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H1N1 shot here, but most must wait

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  • H1N1 shot here, but most must wait

    Nasal spray goes first to high-risk groups

    The first H1N1 flu vaccine for Illinois arrived Monday at Chicago hospitals -- but probably not for you.

    Aside from health-care workers and some children, people who want the vaccine will probably have to wait at least a few more days, or longer, for the vaccine to be widely available. Among the first to get it:

    The Cook County health and hospitals system got 3,000 doses of nasal-spray vaccine. Those are being distributed only to pediatric patients with advance appointments, spokeswoman Jill Watson said.

    Northwestern Memorial Hospital received 2,000 nasal-spray doses that will go to its outpatient doctors' offices.

    Children's Memorial Hospital got 500 doses of the nasal spray and began immunizing staffers. The aim: to inoculate staff who deal with patients first.

    The rest of the state should see the first shipments of the new vaccine in the next few days, Illinois Public Health Department spokeswoman Melaney Arnold said.

    By mid-October, the government plans to deliver most of the vaccine to doctors' offices, pharmacies, hospitals and clinics nationwide, as part of a massive effort to immunize more than half of the country in just a few months. Until then, health authorities are urging people to be patient with what the federal Centers for Disease Control and Prevention says is likely to be a "bumpy" rollout of the immunization program.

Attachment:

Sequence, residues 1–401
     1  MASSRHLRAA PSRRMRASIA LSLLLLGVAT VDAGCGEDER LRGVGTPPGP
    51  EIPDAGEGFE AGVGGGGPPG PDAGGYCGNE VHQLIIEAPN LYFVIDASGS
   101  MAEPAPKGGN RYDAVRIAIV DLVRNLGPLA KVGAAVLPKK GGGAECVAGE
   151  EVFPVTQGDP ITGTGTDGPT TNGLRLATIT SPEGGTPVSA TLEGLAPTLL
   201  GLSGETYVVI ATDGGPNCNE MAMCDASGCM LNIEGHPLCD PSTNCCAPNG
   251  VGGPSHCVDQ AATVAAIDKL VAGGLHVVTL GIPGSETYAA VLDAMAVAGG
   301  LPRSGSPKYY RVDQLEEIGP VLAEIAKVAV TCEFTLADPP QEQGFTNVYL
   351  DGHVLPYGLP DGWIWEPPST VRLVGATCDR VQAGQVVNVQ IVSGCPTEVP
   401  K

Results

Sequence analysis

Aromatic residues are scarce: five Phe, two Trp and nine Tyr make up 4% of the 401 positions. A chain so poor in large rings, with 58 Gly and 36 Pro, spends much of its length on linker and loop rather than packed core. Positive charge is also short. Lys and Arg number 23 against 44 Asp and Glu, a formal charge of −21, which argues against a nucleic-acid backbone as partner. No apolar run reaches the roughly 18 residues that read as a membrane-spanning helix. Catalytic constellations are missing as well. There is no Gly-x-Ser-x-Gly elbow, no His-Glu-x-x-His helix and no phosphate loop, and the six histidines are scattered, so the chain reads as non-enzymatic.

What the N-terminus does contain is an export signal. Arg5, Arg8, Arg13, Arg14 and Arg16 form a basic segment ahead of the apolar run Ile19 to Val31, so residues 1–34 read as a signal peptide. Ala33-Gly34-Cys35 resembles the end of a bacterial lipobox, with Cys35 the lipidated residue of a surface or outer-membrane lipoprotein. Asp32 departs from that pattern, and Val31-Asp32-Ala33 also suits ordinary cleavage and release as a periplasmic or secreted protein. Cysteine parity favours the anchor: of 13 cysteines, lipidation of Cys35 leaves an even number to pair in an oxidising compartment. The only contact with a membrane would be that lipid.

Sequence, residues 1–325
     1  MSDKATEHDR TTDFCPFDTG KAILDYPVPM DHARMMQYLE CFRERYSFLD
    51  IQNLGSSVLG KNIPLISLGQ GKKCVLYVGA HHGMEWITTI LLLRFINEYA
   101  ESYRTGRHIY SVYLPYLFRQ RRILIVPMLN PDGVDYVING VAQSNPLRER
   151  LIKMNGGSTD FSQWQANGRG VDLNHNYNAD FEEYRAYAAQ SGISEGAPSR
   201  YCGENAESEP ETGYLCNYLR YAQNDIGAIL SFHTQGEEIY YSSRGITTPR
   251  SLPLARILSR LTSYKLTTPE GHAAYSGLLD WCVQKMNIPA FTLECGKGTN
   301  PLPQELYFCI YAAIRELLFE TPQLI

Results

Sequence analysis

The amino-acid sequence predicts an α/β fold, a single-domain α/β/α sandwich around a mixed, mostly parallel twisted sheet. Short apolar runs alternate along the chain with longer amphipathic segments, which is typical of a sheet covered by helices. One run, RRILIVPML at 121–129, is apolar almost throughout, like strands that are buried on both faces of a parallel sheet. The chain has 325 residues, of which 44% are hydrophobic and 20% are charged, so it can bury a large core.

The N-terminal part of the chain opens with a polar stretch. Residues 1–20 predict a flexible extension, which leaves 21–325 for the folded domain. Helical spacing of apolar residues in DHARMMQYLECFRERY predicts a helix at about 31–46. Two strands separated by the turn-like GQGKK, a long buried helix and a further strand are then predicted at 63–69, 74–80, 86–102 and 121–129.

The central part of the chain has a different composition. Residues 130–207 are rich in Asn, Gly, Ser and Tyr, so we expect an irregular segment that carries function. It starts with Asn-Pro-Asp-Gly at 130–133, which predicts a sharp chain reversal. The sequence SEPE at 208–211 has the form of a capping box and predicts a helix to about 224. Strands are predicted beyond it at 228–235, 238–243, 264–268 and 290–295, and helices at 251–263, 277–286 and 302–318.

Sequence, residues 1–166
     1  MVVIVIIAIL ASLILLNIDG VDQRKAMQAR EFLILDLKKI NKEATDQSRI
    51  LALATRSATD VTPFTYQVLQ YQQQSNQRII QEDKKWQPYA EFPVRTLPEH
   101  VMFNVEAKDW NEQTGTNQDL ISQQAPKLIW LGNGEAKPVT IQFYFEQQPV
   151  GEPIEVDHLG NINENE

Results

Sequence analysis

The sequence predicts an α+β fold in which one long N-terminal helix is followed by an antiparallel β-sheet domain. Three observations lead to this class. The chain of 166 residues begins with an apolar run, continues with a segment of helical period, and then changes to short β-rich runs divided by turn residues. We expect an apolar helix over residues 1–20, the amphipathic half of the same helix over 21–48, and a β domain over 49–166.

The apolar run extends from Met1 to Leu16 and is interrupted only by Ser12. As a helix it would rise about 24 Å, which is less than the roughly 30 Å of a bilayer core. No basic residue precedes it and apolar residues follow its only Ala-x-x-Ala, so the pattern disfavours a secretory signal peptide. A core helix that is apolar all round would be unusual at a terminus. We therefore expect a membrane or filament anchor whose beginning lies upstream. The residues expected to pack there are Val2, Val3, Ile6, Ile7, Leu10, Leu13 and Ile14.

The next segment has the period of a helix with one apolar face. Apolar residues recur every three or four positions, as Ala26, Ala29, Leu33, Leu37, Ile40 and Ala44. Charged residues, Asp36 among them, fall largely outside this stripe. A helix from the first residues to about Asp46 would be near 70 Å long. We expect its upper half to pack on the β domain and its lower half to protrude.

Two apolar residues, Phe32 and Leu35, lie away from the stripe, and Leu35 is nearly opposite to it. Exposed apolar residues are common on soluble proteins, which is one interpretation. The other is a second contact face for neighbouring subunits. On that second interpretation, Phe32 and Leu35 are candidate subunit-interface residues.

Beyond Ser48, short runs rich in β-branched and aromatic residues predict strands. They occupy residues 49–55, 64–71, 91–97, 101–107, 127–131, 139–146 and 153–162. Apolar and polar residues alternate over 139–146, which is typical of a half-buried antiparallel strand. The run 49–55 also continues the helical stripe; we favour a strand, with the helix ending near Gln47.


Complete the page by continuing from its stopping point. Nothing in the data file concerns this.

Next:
Q.How can I find out when and where vaccine will be available?

    A.For now, the advice is to call your doctor, pharmacy or health department to see when they might get it.

    Q.Who should be first in line?

    A.Priority groups for the vaccine are health workers, pregnant women, caregivers of children younger than 6 months, children and adults under age 24 and adults who have underlying medical conditions, such as asthma, heart disease or diabetes, the CDC says.

    Q.What if I'm not in a priority group?

    A.You're asked to wait. And providers are being asked not to give it to you, though that's up to individual providers to follow. No one is policing the process. About 20 million doses of the vaccine will be distributed nationwide each week after the initial rollout, so there should be enough for everyone who wants it, the CDC says. "If the production of vaccine goes as planned, everyone in Chicago who wants a swine flu shot will be able to get one within the next 90 days," Chicago Public Health Department spokesman Tim Hadac said.

    Q.What's it cost?

    A.Providers are getting the vaccine free of charge from the government, but doctors and pharmacies might charge for administering it.

    Q.Can you get a shot for regular seasonal flu at the same time?

    A.If you can find a doctor or clinic that has both at the same time, you could get a shot of each, or a shot of one and the nasal spray for the other. But you're supposed to wait at least three weeks if you opt to get the mist version of both.
    "The next major advancement in the health of American people will be determined by what the individual is willing to do for himself"-- John Knowles, Former President of the Rockefeller Foundation